July 23, 2009

Victory for Conservative Jurisprudence?

President Barack Obama:
The legal process alone will not lead you to a rule of decision...the critical ingredient is supplied by what is in the judge's heart.

Judge Sonia Sotomayor:
[I] wouldn't approach the issue of judging in the way the president does.

The blatant contradiction of these two statements was evident to anyone watching the Sotomayor hearings in the past week, and further, to anyone who has studied jurisprudence in the past two decades. While the liberals tout their "living" constitution (highlighted by justices such as Brennan, Ginsburg, and Breyer), aka the taking of a solid foundational document and turning it into play-dough to be molded and shaped according to subjective beliefs, the conservatives have always countered with legal positivism and strict construction.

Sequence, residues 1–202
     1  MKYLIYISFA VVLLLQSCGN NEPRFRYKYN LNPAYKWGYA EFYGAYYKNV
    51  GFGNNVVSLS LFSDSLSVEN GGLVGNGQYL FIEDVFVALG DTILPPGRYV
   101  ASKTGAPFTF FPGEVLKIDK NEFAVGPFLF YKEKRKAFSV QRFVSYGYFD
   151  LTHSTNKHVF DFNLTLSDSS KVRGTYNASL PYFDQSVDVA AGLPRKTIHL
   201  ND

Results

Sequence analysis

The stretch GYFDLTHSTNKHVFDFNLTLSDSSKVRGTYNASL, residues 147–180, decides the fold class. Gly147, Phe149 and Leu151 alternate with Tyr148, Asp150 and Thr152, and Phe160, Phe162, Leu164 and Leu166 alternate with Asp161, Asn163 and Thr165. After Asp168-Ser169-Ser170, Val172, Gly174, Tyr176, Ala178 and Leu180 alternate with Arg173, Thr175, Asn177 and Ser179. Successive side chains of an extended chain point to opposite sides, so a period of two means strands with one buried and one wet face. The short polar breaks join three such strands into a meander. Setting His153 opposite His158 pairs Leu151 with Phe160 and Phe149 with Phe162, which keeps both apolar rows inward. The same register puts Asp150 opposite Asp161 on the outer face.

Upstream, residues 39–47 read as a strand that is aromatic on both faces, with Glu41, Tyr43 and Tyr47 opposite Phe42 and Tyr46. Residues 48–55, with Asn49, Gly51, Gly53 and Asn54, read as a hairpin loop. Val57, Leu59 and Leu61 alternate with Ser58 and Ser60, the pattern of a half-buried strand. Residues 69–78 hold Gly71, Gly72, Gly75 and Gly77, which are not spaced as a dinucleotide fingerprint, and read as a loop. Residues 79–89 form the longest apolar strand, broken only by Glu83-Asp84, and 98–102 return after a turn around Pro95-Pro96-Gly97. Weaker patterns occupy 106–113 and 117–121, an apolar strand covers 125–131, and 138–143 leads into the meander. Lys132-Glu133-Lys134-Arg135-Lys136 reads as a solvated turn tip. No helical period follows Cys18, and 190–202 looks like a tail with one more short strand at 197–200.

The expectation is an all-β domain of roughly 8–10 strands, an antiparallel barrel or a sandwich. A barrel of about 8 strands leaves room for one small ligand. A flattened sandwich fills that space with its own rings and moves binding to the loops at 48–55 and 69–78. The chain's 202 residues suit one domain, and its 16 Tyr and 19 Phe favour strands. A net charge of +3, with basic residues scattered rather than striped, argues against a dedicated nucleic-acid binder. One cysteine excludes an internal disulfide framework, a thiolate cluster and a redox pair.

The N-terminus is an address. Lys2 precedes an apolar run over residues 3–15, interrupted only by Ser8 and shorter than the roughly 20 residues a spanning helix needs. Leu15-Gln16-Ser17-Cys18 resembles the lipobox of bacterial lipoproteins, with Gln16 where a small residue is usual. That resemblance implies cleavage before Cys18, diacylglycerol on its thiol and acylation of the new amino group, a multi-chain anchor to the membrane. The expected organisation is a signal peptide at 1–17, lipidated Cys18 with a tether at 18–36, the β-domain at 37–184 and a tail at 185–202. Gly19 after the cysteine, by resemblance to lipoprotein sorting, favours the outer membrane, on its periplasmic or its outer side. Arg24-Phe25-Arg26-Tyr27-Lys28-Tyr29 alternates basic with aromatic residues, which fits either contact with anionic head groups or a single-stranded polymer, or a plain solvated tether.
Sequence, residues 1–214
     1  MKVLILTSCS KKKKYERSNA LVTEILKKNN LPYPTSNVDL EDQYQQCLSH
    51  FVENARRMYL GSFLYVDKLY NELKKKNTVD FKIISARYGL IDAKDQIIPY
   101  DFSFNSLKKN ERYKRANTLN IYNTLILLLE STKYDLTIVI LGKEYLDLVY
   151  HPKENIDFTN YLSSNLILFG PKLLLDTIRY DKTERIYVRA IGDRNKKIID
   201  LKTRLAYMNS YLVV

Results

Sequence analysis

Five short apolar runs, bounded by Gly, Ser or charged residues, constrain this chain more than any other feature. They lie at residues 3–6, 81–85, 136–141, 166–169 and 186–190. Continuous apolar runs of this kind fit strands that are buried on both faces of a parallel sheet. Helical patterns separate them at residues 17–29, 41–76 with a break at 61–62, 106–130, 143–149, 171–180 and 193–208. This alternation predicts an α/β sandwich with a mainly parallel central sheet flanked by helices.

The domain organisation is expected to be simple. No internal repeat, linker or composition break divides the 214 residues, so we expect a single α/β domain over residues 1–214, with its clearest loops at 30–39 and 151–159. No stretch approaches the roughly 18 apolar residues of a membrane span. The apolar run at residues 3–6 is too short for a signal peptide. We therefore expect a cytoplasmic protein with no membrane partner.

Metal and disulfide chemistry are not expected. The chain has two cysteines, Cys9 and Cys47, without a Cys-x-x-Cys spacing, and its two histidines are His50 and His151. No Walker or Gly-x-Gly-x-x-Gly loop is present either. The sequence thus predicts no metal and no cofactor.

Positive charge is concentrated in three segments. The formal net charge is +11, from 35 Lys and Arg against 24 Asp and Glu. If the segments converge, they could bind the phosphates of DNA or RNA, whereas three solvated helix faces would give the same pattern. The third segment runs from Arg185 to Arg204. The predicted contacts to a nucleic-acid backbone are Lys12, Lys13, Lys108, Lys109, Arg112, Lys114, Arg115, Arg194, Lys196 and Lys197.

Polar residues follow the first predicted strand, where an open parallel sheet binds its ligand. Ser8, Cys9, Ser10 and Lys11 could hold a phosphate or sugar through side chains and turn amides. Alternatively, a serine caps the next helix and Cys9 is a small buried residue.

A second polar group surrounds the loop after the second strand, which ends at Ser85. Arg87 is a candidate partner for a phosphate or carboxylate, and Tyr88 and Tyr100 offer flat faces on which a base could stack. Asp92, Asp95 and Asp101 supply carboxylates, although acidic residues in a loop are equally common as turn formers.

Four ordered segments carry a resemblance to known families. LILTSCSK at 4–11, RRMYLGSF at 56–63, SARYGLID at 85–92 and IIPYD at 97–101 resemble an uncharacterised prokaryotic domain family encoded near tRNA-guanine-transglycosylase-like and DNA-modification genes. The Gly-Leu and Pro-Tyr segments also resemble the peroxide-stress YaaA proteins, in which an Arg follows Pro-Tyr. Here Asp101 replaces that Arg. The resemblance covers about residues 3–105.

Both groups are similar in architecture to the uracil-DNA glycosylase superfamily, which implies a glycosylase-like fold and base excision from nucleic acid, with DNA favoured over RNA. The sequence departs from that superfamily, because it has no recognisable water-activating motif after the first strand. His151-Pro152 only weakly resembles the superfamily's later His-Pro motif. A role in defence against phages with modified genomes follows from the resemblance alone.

In a nutshell, these conservative theories basically require following the law as it stands, and using commonly held beliefs and definitions pertaining to constitutional law when interpreting the constitution. However, the hearings did not focus on how alive the constitution was (to Sotomayor) or how big of a role subjectivity played (at least from a greater, overall outlook), but rather, Sotomayor pulled a 180, stating that she has always followed the rule of law and will always do so. She did this at the complete support of the democrats on the committee, who stated the same exact thing: the rule of law dominates in the eyes of the Senate and the American people.